I was asked where to look at in a switch to find the average frame size for a port. The safest way would be to use an external monitoring tool like a VirtualWisdom or a tracer as described in my LD mode article but if you don't own something like that you can get a good guess from the switches themselves. You just have to calculate it out of the number of frames and the number of bytes transferred.
Cisco MDSFor Cisco it's easy. Just look into the "show interface" for the specific port and you'll find the both numbers in the statistics section for each interface:
1887012 frames input, 1300631486 bytes ... 542470 frames output, 482780325 bytes
So we can just calculate the average frame sizes for both directions:
1300631486 bytes / 1887012 frames = 689 bytes per frame
482780325 bytes / 542470 frames = 890 bytes per frame
For Brocade switches you can get the information out of the portstatsshow command:
stat_wtx 35481072 4-byte words transmitted stat_wrx 70173758 4-byte words received stat_ftx 1111087 Frames transmitted stat_frx 1177665 Frames received
Here we don't have the plain bytes but 4-byte words. Don't worry - fillwords don't count into this number, so it's still valid for our calculation. We just have to multiply it by four to use it:
(35481072 * 4) bytes / 1111087 frames = 128 bytes per frame
(70173758 * 4) bytes / 1177665 frames = 238 bytes per frame
It's really that easy?
Basically yes. With this average frame size you can find out the multiplier for the buffer credits settings. So if you have an average frame size of 520 and a link of 30 km, just calculate:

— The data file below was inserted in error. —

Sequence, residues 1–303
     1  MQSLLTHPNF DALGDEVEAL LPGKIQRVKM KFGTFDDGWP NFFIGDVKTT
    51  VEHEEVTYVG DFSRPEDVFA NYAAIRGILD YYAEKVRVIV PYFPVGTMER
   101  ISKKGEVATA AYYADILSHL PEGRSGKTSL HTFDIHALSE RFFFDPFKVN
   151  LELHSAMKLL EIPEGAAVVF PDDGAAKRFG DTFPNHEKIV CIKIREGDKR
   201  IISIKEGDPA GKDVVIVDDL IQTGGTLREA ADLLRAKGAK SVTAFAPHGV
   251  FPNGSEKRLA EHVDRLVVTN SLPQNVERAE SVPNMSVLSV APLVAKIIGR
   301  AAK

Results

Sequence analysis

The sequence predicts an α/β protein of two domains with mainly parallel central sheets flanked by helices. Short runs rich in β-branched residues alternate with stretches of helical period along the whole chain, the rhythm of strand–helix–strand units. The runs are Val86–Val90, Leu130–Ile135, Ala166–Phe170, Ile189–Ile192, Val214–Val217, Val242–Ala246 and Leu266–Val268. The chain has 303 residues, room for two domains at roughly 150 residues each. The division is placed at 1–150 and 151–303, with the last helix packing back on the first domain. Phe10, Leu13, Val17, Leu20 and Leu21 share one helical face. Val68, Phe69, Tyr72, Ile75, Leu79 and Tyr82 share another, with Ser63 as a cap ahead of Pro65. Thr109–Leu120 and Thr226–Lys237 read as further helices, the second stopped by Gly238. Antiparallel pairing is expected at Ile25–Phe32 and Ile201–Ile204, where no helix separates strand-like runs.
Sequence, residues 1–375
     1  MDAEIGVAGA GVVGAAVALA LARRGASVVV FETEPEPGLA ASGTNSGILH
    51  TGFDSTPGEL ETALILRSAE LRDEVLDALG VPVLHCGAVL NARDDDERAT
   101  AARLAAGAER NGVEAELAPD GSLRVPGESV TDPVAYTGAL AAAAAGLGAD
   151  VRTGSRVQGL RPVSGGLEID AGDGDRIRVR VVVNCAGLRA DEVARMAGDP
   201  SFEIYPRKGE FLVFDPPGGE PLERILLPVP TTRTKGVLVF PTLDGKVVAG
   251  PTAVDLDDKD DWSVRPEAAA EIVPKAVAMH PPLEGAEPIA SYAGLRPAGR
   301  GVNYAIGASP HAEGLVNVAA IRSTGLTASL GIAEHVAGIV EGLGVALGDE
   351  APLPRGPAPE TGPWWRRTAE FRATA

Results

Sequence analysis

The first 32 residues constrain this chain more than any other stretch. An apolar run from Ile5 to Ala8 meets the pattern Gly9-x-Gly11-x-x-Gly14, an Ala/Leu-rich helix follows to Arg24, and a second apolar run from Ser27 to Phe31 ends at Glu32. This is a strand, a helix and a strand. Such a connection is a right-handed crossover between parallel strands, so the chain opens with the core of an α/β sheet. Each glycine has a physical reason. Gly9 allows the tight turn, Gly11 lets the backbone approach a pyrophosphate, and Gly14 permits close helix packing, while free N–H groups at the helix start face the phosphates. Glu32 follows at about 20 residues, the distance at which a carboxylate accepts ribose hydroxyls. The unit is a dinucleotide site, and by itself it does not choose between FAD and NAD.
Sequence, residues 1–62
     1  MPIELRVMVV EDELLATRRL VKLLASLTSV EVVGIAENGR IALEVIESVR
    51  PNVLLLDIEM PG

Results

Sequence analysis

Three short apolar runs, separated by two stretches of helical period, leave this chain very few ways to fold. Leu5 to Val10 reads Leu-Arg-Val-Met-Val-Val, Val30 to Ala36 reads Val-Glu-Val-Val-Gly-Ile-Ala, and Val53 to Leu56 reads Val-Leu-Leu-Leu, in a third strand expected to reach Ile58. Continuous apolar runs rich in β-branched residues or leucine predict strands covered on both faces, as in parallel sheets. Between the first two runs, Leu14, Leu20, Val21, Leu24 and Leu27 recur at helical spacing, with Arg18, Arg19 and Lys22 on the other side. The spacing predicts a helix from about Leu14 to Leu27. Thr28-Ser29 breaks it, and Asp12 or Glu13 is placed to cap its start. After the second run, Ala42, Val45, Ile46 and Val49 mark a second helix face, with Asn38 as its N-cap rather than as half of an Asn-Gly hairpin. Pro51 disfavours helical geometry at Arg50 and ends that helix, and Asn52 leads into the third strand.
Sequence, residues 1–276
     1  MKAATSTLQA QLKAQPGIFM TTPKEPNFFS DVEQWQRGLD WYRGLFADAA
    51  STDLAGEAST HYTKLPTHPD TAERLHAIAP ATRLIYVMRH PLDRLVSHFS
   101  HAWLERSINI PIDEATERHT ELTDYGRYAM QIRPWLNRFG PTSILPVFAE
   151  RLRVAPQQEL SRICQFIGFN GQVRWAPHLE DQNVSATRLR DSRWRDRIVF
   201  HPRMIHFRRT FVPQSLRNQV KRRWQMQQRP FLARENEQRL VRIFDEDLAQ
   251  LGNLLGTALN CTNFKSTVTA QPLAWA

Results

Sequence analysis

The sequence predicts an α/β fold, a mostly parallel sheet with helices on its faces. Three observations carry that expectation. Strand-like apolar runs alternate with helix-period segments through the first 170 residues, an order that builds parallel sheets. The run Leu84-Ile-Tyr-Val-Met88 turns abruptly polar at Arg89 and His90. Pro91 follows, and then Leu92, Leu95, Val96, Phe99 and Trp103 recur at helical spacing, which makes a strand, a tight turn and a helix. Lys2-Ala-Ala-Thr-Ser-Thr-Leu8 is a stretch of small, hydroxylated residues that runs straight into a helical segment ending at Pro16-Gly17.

2112 (the max frame size) / 520 = 4
So you would set up the link for 120 km instead of 30 km to reserve a sufficient amount of buffers. That's it.
A last catch
If you read my article about bottleneckmon you probably already know that we work with 32 bit counters here. While they cover a few hours for the frames they wrap much quicker for the 4-byte words. So to be able to calculate an average frame size over several hours or days, 32 bit counters are not enough. Actually there are 64 bit counters for these values in the switches - although they are not part of a supportsave. The command portstats64show provides them. The first thing to keep in mind: While in the latest FabOS versions a statsclear resets these counters as well, you had to reset them with portstatsclear in the older versions.
The 64 bit counters are actually two 32 bit counters and the lower one ("bottom_int") is the 32 bit counter we used all the time in portstatsshow. But each time it wraps, it increases the upper one ("top_int") by 1. So after a while you might see an portstats64show output like this:
stat64_wtx 0 top_int : 4-byte words transmitted 2308091032 bottom_int : 4-byte words transmitted stat64_wrx 39 top_int : 4-byte words received 1398223743 bottom_int : 4-byte words received stat64_ftx 0 top_int : Frames transmitted 9567522 bottom_int : Frames transmitted stat64_frx 0 top_int : Frames received 745125912 bottom_int : Frames received
For the received frames it's then:
(2^32 * 39 + 1398223743) * 4 bytes / 745125912 frames = 907 bytes per frame.
Much manual computing, hmm?
Of course you could write a script for that or prepare a spreadsheet but my recommendation is still to start with a multiplier of 3 for normal open systems traffic and check with the command portbuffershow how many buffers are still available. And if you still have some, use them - but keep them in mind if you connect additional long distance ISLs or devices you want to give additional buffers as well.
Update Nov. 2nd 2012:
I was made aware that there is an easier and much more convenient way to use portstats64show: Just use the -long option.
pfe_ODD_B40_25:root> portstats64show 26 stat64_wtx 7 top_int : 4-byte words transmitted 485794041 bottom_int : 4-byte words transmitted stat64_wrx 13 top_int : 4-byte words received 2521709207 bottom_int : 4-byte words received
pfe_ODD_B40_25:root> portstats64show 26 -long stat64_wtx 30557972957 4-byte words transmitted stat64_wrx 58371265974 4-byte words received
Much better, isn't it? Thanks to Martin Lonkwitz!